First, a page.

Long and his colleagues describe how the new materials — diamine-appended MOFs — work in this week’s issue of the journal Nature.

    From flue gas to submarines

    Power plants that capture CO2 today use an old technology whereby flue gases are bubbled through organic amines in water, where the carbon dioxide binds to amines. The liquid is then heated to 120-150 degrees Celsius (250-300 degrees Fahrenheit) to release the gas, after which the liquids are reused. The entire process is expensive: it consumes about 30 percent of the power generated, while sequestering underground costs an additional though small fraction of that.

    The new diamine-appended MOFs can capture carbon dioxide at various temperatures, depending on how the diamines are synthesized, and releases the CO2 at only 50 C above the temperature at which CO2 binds, instead of the increase of 80-110 C required for aqueous liquid amines. Because MOFs are solid, the process also saves the huge energy costs of heating the water in which amines are dissolved.

    MOFs are composites of metals — in this case, magnesium or manganese — with organic compounds that, together, form a porous structure with microscopic, parallel channels. Several years ago, Long and his lab colleagues developed a way to attach amines to the metals in an MOF to produce pores of sufficient diameter to allow CO2 to penetrate rapidly into the material. They found that MOFs with attached diamines are very different from other carbon-capture materials, in that the CO2 seems to load into the material very quickly at a specific temperature and pressure, then come out quickly when the temperature is raised by 50 C. In the new paper, UC Berkeley graduate students Thomas McDonald and Jarad Mason, together with other co-workers, describe how this works.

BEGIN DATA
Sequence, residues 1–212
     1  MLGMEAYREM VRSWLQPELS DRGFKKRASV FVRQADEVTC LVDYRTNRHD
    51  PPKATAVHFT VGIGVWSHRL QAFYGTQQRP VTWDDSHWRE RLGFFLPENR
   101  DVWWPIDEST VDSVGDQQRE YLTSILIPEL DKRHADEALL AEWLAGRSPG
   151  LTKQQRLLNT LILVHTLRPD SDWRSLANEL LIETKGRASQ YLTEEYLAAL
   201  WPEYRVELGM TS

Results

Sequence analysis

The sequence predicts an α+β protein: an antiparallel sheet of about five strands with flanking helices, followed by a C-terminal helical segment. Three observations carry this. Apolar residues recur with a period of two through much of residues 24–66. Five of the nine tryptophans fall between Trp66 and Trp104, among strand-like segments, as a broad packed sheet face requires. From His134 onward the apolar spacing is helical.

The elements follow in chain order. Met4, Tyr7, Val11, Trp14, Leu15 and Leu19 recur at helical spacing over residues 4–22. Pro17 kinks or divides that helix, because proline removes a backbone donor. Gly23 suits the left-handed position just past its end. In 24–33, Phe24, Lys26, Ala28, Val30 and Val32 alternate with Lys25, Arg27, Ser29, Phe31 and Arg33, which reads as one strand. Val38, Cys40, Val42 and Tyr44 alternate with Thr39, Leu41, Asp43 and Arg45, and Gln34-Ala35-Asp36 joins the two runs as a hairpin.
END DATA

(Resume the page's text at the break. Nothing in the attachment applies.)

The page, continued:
“This material is unique in that it binds CO2 in a cooperative mechanism,” Long said. “When the first CO2 starts to adsorb at a very specific pressure, all of a sudden it facilitates more CO2 adsorption, and the MOF rapidly saturates. That is really a different property from any other CO2 adsorbent based on amines.

    “Then,” he added, “if you raise the temperature by applying heat, at some temperature all the CO2 will come flooding off.”